According to a source with knowledge of the Attorney General’s plans, tomorrow Eric Schneiderman will file suit against New York City taxi magnate Evgeny “Gene” Freidman, the single largest holder of medallions in the city.
In late 2013, Mr. Freidman settled a suit brought by Mr. Schneiderman that alleged that Mr. Freidman’s companies consistently overcharged drivers and imposed improper fees that violated TLC rules. The improper fees were things like “shift excess time surcharge” fees of $3.50 per shift that Mr. Freidman charged drivers who leased his vehicles or medallions.
That settlement called for restitution of approximately $750,000 plus a penalty of $500,000. Tomorrow’s expected action by the Attorney General will allege that Mr. Freidman has failed to live up to the reforms he agreed to in the settlement and continued some of the practices that the first suit alleged were illegal. After settling the suit in 2013, Mr. Freidman signed an “Assurance of Discontinuance” or AOD with the AG’s office. That’s basically an agreement to cease doing things the Attorney General contended were illegal so a resumption of those activities is prevented both by the agreement and because the activities themselves are prohibited.
Mr. Freidman disputes that he has failed to live up to his obligations. “Mr. Freidman honors his agreements with the Attorney General, and finds the timing of any action suspicious. He has been transparent in negotiating with the AG’s office over the last year and a half, and finds them very professional,” said Ronn Torossian, spokesman for Mr. Freidman, in a statement emailed to the Observer.
“The conduct we will allege in our lawsuit demonstrates a basic disregard for the struggles and rights of hard-working taxicab drivers, as well as for the laws and rules that apply to everyone in the taxi industry,” said Attorney General Schneiderman.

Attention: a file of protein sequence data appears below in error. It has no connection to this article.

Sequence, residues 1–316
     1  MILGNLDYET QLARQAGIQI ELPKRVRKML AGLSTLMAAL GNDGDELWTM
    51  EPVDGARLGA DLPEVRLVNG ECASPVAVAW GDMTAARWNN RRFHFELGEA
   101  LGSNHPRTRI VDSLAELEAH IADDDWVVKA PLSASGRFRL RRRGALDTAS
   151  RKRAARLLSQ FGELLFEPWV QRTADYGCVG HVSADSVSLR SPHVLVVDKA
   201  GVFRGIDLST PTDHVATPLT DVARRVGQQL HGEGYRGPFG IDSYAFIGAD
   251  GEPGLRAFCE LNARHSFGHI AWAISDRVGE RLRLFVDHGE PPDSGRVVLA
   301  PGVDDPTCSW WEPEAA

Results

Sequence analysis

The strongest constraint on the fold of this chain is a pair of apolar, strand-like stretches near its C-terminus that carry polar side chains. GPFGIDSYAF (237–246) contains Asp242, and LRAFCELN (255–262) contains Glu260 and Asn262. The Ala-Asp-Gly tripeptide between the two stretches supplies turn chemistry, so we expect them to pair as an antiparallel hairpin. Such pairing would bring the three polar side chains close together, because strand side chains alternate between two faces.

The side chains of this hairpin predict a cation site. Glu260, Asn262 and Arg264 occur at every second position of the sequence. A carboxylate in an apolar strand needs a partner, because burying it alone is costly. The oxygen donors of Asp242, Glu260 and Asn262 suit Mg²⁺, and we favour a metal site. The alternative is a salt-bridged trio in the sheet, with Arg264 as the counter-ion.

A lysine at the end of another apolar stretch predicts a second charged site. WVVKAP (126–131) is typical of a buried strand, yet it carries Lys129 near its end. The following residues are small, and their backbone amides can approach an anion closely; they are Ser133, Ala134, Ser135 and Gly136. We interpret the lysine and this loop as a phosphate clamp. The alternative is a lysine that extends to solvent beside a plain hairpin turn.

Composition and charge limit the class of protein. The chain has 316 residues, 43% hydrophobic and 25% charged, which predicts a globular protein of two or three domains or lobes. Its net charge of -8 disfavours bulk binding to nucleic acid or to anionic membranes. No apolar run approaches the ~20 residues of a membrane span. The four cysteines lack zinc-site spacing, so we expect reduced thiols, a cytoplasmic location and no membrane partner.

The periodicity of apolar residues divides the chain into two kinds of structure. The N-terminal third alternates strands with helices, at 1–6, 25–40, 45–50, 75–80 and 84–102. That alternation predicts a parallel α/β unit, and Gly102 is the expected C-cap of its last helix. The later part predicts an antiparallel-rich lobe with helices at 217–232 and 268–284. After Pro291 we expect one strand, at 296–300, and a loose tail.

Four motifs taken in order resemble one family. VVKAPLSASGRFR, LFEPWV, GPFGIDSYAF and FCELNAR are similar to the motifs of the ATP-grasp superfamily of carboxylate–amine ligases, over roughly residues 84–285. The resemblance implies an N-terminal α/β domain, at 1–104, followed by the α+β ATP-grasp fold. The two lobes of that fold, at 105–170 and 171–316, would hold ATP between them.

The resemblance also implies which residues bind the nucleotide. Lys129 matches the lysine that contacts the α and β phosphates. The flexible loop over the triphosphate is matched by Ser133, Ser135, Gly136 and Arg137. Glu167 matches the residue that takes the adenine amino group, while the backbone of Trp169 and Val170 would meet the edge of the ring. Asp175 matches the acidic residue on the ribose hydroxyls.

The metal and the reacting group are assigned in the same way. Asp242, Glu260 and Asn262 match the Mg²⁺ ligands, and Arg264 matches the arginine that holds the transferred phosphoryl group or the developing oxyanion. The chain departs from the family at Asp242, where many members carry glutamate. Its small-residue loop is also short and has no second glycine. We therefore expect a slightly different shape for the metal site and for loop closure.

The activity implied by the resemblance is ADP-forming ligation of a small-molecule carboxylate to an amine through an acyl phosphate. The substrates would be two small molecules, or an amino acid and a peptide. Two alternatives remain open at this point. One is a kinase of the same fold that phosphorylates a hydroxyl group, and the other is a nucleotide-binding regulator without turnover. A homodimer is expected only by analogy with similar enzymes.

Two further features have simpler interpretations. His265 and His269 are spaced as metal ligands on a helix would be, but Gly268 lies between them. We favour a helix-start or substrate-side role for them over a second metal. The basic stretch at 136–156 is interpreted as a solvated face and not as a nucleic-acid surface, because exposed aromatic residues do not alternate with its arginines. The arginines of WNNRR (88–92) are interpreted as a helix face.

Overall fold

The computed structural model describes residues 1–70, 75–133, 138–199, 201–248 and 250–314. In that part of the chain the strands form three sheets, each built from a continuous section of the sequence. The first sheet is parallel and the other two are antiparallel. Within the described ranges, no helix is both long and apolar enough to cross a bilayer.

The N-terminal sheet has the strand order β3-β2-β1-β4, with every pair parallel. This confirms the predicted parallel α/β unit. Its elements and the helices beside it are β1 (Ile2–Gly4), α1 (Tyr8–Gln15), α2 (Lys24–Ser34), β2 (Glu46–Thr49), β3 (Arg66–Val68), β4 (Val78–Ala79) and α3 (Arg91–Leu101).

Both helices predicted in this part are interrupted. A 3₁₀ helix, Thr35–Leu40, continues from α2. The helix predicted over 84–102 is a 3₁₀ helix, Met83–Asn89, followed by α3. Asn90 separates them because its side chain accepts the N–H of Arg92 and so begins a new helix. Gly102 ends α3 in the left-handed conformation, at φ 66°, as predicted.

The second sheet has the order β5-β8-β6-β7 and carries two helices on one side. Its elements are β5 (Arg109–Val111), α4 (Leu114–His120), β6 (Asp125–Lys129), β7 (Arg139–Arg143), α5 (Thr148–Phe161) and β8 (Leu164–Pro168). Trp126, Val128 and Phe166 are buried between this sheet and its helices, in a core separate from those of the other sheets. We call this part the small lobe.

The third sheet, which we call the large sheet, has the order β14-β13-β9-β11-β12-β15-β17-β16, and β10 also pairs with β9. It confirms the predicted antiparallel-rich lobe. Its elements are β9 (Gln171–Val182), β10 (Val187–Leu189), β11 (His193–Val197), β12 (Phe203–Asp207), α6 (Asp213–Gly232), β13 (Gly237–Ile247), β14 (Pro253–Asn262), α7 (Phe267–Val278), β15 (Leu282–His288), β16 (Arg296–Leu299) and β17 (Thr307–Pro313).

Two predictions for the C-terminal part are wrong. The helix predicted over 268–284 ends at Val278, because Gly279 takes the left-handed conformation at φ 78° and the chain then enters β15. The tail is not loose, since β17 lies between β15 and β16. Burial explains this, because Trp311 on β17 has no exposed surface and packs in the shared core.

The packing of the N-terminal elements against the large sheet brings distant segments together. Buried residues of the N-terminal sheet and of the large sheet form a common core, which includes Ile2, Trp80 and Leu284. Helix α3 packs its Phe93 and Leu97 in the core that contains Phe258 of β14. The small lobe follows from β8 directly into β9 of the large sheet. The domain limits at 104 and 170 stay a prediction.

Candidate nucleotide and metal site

With approximately 900 of the tins, Mr. Freidman is thought to be the largest medallion owner in the city. As recently as 2013, the medallions, which provide a license for a car to pick up a street hail, were trading for up to $1.3 million apiece – that would make Mr. Freidman’s holdings worth more than $1.1 billion. However, the value of the medallions has taken a severe hit over the past several months as Uber and other ride-sharing apps have cut into the business of taking New Yorkers from one place to another.
The Observer was the first to report yesterday about a meeting scheduled for Thursday convened by Mr. Freidman at which the mogul was expected to ask several bankers to help draft a plan to bail out medallion owners whose lenders were getting cold feet as the value of the medallions plummeted. Mr. Freidman was supported in these efforts by Councilman Ydanis Rodriguez, the chair of New York City Council Transportation Committee, who had agreed to attend the meeting – which was closed to the press. Today, Mr. Rodriguez put out the statement that the Observer reported would be forthcoming, promising that “Rodriguez [would] take steps to stymie further decline.” While those “steps” were not spelled out, Mr. Rodriguez has a long history of going to bat for the traditional yellow taxi industry.
Last month, he introduced legislation that would have increased the amount of information aspiring drivers for Uber, Via and Lyft would have to provide to the TLC and he also co-sponsored Councilman Greenfield’s Surge Bill that would have capped Uber’s “surge pricing” at 2 times normal rates. In fact, Mr. Rodriguez indicated that he’d prefer a bill that made the “surge cap” even lower, telling Crain’s, “I will support [the bill] if it’s lowered to 20%.”
In an opinion piece in the Observer last year, Mr. Freidman spoke out strongly against the ride-sharing companies, criticizing “Rogue app companies dispatch drivers and vehicles, hire and pay drivers, and collect money from passengers, yet they don’t follow the same rules as all other cab companies. These app companies claim that because they use mobile device applications they are “technology” companies and not “transportation” companies. These false claims allow them to operate with a different set of rules from black, yellow and green cabs.”
In the same piece, he defended the venerable taxi: “Yellow cabs offer reliability and are regulated. We go where passengers need us to—at all hours of the day and night and follow ever-changing rules and regulations. We carry ample commercial insurance coverage in case of accident, and have protections in place for both drivers and consumers.”
As one of Mayor de Blasio’s biggest donors – the Daily News reported that he “raised $49,450 for de Blasio’s campaign” and joined the victor in the VIP section at the Brooklyn YMCA for the election night victory party – many wondered whether the defender of the traditional means of getting from point A to point B would have the political sway to fend off the disruption sweeping the nation. The Attorney General’s new lawsuit will certainly change the calculus.
This story has been updated to include comment from Attorney General Eric Schneiderman.